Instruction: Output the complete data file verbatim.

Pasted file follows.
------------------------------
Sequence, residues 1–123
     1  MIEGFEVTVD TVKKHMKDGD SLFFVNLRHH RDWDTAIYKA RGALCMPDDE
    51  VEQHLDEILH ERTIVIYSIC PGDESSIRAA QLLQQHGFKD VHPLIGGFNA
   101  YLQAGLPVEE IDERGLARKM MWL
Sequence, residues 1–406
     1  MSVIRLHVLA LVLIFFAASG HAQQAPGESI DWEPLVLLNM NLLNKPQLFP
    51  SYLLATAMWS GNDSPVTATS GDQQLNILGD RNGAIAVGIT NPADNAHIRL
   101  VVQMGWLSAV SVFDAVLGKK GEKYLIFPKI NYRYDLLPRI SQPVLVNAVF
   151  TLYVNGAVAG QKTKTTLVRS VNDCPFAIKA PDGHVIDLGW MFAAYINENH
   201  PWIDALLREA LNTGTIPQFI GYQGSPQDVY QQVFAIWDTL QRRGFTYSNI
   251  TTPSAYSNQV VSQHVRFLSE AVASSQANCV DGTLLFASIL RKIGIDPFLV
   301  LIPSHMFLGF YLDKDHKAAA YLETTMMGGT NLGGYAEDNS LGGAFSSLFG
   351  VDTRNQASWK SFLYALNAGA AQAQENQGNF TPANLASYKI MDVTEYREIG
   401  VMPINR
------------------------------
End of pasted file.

Sequence, residues 1–123
     1  MIEGFEVTVD TVKKHMKDGD SLFFVNLRHH RDWDTAIYKA RGALCMPDDE
    51  VEQHLDEILH ERTIVIYSIC PGDESSIRAA QLLQQHGFKD VHPLIGGFNA
   101  YLQAGLPVEE IDERGLARKM MWL
Sequence, residues 1–406
     1  MSVIRLHVLA LVLIFFAASG HAQQAPGESI DWEPLVLLNM NLLNKPQLFP
    51  SYLLATAMWS GNDSPVTATS GDQQLNILGD RNGAIAVGIT NPADNAHIRL
   101  VVQMGWLSAV SVFDAVLGKK GEKYLIFPKI NYRYDLLPRI SQPVLVNAVF
   151  TLYVNGAVAG QKTKTTLVRS VNDCPFAIKA PDGHVIDLGW MFAAYINENH
   201  PWIDALLREA LNTGTIPQFI GYQGSPQDVY QQVFAIWDTL QRRGFTYSNI
   251  TTPSAYSNQV VSQHVRFLSE AVASSQANCV DGTLLFASIL RKIGIDPFLV
   301  LIPSHMFLGF YLDKDHKAAA YLETTMMGGT NLGGYAEDNS LGGAFSSLFG
   351  VDTRNQASWK SFLYALNAGA AQAQENQGNF TPANLASYKI MDVTEYREIG
   401  VMPINR